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Making history

CMA ‘Blackjacks’ is first ROTC unit to lay Pershing wreath

Posted: December 16, 2014 4:49 p.m.
Updated: December 17, 2014 1:00 a.m.
Provided by CMA/

U.S. Maj. Gen. Jeffrey S. Buchanan (far right) stands with the CMA Blackjacks drill team near WWI Allied Forces commander U.S. U.S. Gen. John Joseph “Black Jack” Pershing’s gravesite on Nov. 11 at Arlington National Cemetery. The Blackjacks are (from left) Sgt. 1st Class Ray Brown (TAC), Cadet Charles Kloetzli of Rehoboth Beach, Del.; Cadet Cameron Carr of Canton, Ohio; Cadet Beau Oswald of Mount Juliet, Tenn.; Cadet Nicholas Hillesheim of Woodstock, Ga.; Command Sergeant Major Othel Terrell; Cadet Kevin Phillips of Mooresville, N.C.; Cadet Griffin Bach-Davis of Parker, Colo.; and Cadet Thomas Azrelyant of Hartsdale, N.Y.

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Each Nov. 11, a ceremony is held at the gravesite of U.S. Gen. John Joseph “Black Jack” Pershing, commander of the Allied Forces in Europe during World War I. For the first time in Arlington National Cemetery’s history, officials chose a Reserve Officer Training Corps (ROTC) unit to lay a wreath at Pershing’s gravesite.

The honored unit: Camden Military Academy’s (CMA) “Blackjacks” Pershing Rifle drill team, which was also “sworn in” by the officer in charge of the event, U.S. Maj. Gen. Jeffrey S. Buchanan. The team is also the first high school Blackjack drill team in South Carolina.

The annual event is attended by representatives from 19 nations, during which each nation presents a wreath of flowers in honor of Pershing’s service to the world.

Col. Eric Boland, headmaster of Camden Military Academy, attended the ceremonies with his cadets, along with board of trustees member, Art Dumont, and his wife, Jean.

“I couldn’t shake this odd feeling, looking out at the mass of perfectly aligned graves, of all those who fought for our freedom,” Cadet Charles Kloetzli said. “It was humbling. Never before in my life has any sight affected me to this extent.”

The Blackjacks follow the National Society of Pershing Rifles of outstanding traits of leadership, military science, military bearing, and discipline in the framework of a military oriented, fraternal organization. These characteristics are also highly desirable of all good citizens. The Blackjacks are the proud keepers of this legacy and were established as a program to the high school level in 1967.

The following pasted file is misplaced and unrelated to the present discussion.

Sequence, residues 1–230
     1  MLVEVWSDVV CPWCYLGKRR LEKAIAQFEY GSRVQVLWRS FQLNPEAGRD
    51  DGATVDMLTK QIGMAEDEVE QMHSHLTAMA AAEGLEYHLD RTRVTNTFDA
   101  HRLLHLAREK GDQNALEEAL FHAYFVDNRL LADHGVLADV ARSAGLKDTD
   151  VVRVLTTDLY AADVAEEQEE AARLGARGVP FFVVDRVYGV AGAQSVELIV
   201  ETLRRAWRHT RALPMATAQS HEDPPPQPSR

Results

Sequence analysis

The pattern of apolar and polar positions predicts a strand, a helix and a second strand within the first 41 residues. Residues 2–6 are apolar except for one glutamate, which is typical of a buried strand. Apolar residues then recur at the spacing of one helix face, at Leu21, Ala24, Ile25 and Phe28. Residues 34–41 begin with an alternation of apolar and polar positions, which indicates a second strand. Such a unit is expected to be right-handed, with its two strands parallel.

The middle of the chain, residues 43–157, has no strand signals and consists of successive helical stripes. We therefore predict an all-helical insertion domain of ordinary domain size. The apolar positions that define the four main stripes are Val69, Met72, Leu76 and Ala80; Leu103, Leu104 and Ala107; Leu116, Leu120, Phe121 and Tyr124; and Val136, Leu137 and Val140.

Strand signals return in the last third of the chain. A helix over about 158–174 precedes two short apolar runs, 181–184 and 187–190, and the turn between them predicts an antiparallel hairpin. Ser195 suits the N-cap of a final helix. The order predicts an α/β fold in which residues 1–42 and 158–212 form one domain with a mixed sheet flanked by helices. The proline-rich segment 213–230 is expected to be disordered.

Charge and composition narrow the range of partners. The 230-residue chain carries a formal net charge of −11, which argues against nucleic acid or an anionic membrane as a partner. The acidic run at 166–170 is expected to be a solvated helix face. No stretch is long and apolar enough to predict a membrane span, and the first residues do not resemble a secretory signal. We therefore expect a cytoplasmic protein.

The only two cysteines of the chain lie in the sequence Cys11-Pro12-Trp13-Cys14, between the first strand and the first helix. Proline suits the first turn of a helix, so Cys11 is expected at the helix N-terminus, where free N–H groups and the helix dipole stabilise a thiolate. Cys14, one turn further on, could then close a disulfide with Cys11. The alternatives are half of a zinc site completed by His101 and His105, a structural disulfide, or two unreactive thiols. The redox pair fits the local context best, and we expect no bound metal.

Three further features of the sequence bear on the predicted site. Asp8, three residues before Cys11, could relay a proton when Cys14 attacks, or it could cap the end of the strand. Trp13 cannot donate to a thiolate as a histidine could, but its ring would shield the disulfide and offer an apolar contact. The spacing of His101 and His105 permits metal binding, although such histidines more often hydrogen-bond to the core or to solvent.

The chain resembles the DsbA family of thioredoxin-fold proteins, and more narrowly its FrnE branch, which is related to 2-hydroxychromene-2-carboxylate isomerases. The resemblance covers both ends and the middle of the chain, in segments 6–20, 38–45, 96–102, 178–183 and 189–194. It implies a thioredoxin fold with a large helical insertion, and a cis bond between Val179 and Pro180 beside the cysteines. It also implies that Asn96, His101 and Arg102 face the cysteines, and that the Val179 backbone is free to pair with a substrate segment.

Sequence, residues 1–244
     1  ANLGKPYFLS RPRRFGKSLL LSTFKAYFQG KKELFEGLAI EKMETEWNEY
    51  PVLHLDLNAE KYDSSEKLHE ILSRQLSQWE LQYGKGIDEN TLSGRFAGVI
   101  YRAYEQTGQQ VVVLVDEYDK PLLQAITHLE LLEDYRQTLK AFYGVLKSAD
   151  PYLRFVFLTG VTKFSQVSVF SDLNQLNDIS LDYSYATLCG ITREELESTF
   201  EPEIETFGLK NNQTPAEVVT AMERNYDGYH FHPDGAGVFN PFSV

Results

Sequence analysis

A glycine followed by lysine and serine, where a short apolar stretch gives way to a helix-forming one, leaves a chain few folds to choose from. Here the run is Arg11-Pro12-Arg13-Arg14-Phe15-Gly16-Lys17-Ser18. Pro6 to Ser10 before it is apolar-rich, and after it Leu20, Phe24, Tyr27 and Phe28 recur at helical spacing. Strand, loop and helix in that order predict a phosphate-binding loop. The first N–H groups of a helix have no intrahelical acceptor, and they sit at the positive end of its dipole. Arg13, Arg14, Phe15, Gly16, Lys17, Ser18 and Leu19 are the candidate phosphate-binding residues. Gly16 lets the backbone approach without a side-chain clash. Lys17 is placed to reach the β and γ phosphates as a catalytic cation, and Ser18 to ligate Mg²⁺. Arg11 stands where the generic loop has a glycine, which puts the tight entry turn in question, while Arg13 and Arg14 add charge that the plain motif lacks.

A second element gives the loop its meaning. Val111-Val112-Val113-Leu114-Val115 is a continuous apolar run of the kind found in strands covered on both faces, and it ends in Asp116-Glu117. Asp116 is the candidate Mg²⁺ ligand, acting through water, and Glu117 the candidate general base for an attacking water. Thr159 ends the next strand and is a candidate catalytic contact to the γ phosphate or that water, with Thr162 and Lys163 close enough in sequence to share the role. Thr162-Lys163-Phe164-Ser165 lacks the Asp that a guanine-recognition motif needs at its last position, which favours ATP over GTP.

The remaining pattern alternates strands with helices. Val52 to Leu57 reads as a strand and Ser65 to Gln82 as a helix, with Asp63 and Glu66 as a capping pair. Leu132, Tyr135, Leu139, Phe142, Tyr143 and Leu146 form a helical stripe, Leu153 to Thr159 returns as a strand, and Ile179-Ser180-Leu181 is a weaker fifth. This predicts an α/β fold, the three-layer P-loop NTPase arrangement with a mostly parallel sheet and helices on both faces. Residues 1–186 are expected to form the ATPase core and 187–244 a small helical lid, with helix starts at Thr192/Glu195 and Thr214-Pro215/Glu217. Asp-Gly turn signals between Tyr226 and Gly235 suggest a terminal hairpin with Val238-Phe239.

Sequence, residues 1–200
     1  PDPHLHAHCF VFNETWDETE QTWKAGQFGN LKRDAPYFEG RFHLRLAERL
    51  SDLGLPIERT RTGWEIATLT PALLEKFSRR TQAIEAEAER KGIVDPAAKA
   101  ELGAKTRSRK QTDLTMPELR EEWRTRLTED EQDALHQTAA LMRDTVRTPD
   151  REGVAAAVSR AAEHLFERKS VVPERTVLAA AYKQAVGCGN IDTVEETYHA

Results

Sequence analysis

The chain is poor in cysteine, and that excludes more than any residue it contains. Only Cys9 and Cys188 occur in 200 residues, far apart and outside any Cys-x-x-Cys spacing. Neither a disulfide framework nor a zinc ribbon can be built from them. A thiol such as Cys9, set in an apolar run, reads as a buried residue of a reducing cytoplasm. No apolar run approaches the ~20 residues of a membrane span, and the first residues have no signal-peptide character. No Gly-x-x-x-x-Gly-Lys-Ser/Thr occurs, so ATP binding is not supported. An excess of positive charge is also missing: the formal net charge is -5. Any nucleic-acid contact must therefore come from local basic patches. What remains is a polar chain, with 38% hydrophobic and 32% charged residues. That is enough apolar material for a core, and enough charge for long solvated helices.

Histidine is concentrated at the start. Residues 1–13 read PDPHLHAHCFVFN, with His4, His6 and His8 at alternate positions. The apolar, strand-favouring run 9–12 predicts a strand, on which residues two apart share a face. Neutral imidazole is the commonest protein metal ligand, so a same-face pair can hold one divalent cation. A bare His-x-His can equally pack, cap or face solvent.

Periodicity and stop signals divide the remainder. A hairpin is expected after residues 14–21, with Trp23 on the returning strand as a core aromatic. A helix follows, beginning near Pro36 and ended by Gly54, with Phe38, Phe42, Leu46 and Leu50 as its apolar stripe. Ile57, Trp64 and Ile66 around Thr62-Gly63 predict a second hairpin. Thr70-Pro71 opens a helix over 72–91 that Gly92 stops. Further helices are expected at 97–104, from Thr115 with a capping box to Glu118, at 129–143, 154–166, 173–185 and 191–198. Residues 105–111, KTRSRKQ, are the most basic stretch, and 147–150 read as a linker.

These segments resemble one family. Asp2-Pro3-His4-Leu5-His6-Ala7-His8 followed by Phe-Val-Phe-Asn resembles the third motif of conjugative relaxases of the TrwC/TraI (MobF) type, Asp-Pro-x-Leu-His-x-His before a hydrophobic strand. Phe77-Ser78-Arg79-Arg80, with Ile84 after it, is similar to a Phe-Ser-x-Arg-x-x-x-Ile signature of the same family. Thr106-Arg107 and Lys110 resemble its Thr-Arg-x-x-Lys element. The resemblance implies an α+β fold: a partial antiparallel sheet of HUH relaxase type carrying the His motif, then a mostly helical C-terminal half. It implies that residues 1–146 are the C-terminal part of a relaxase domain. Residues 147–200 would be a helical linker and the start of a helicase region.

The National Society of Blackjacks has a two-fold mission:

The first is to establish in drill units throughout the U.S. an elite brotherhood of cadets, trained and motivated to protect Pershing’s ideals as patron of the organization. As in the National Society of Pershing Rifles, Blackjacks is a nationally affiliated organization dedicated to fostering a brotherhood and maintaining a group of highly motivated and proficient individuals.

The second part of the mission of the organization is preparing a student for college level ROTC and entry into the National Society of Pershing Rifles. Blackjacks is a preparatory program for recruits into Pershing Rifle units across the nation, with members of the U.S. Army, U.S. Air Force and U.S. Navy (including the U.S. Marine Corps). ROTC programs teach the member the fundamentals of military procedures and conduct. When and if activated in the Pershing Rifles, cadets receive more training in how to be a better officer, soldier and citizen. Pershing Rifles cadets tend to excel in ROTC and set the standards for others to follow.

The term ‘Blackjacks’

On Oct. 1, 1892, Pershing was promoted to first lieutenant and would eventually command a troop of the 10th Cavalry Regiment (one of the original Buffalo Soldier Regiments), composed of African-American soldiers under white officers.

In June, 1897, 1st Lt. Pershing was assigned to West Point as an assistant instructor in tactics. At West Point he was not a popular officer because the cadets felt his discipline was too strict. It was here he acquired the nickname “Black Jack,” meant to be a derogatory term based on his leadership of black soldiers. He instead wore the name proudly honoring the heroic soldiers that he led, long before the legal integration of the Army under President Harry S Truman in 1948.

Since its inception at CMA, the young cadets who have committed their time and energy to the membership of this drill team have great hopes and dreams for college and/or a military career. Their first performance took place at CMA during the halftime of this year’s homecoming football game on Oct. 18. As for CMA, it is one of many new and worthwhile organizations open to its students to help them in their future endeavors.

(Story provided by Camden Military Academy.)


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